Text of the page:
Both proposals consist of a 60-minute session, the first split in two halves of 25 minutes with a 10-minute break in between. Drivers would be allowed to run as many laps as they wish, but must set a time in each half. Each driver's best lap from each session would be then added up to produce a final time to determine the grid.

The second system also consists of an hour-long session, but after 15 minutes the five slowest cars must retire and will qualify 16th to 20th on the grid. After another 15 minutes, the five slowest cars during that period will also retire from the session and they will qualify 11th to 15th.

During the final 30 minutes, the remaining cars will compete for the top 10 positions, based on the best times set in that period.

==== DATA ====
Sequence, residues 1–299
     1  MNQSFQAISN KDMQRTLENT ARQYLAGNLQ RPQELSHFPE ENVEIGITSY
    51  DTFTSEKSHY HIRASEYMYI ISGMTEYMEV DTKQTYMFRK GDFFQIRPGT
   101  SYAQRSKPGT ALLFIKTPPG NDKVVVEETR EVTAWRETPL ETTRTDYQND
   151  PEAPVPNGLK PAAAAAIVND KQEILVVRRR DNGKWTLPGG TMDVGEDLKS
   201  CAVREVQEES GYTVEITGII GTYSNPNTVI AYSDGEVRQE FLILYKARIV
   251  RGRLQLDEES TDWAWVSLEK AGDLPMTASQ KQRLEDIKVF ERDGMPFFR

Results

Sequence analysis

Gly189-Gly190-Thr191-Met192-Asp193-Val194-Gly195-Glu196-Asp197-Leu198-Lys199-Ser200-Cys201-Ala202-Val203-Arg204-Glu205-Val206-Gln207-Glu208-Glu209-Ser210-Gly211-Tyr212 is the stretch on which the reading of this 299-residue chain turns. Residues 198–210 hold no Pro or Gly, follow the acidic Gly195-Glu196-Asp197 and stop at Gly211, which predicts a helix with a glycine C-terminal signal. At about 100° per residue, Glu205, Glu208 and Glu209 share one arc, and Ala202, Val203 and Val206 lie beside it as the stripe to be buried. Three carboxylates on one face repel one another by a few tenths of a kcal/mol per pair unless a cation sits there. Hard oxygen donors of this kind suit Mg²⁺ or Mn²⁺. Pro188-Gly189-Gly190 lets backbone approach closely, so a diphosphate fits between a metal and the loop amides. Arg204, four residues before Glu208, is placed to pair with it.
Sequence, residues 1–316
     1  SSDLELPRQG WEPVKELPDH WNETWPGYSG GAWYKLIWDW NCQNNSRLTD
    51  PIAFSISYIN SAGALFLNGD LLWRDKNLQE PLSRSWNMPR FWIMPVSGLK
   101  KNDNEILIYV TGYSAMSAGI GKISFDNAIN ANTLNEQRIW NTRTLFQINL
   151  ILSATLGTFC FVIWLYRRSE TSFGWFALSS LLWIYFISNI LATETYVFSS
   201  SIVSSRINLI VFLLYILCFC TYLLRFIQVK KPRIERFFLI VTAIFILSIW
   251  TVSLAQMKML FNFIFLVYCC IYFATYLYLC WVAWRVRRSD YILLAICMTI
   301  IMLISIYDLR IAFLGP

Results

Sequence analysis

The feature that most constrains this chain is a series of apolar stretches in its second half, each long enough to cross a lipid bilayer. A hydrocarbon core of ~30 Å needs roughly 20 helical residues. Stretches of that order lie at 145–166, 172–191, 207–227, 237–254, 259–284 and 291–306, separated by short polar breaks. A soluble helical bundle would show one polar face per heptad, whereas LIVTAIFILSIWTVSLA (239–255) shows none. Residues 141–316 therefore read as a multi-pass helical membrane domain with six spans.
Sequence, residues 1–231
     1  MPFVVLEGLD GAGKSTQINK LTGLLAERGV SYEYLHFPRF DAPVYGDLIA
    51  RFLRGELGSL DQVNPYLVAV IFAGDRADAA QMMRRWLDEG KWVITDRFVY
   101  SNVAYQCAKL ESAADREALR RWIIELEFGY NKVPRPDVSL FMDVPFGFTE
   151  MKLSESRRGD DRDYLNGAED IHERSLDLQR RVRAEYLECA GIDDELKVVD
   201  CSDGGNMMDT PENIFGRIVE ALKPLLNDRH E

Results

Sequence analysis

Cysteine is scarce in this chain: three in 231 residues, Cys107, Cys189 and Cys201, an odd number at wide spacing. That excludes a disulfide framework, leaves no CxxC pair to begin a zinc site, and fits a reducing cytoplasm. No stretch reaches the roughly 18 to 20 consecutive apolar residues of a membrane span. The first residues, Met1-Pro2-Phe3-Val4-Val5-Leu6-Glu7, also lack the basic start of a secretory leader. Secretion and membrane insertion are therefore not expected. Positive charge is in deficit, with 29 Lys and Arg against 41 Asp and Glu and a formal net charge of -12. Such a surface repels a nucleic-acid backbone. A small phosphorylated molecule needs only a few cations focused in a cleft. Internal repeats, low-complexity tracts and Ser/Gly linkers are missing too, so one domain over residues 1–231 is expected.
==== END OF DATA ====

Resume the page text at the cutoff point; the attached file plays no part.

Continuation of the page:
The vote is between the two above, the current farce and "no preference" - note there is no option for the old 12 lap 1 hour banzai format.

The first option is OK, the major issue with old qually was that nothing would happen for half an hour which annoyed the TV folk so fair enough split it into 2 mini sessions, but don't add the times together.... As soon as you do that it becomes hard for the audience to follow. They understand fastest gets to start from pole, anything else is unnecessary complication.

The second suggestion is, if you ask me, worse than what we have now. How do you explain that 5 cars will drop out then another 5 then it's possible that the fastest person in the first 30 mins could end up in tenth but the man on pole still lapped slower than the fastest lap of the hour? The Minardis and Midlands (as they'll be) will just treat it as a 15 minute free practice session, they know they won't last past the first 15 mins unless someone drops it and fails to set a time so what's the point in stressing the car?